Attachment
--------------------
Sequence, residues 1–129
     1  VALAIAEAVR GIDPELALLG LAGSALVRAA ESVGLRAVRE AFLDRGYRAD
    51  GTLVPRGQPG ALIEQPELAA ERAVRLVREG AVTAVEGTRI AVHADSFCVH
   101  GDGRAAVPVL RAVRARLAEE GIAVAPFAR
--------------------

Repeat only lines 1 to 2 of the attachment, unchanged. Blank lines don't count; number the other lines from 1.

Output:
Sequence, residues 1–129
     1  VALAIAEAVR GIDPELALLG LAGSALVRAA ESVGLRAVRE AFLDRGYRAD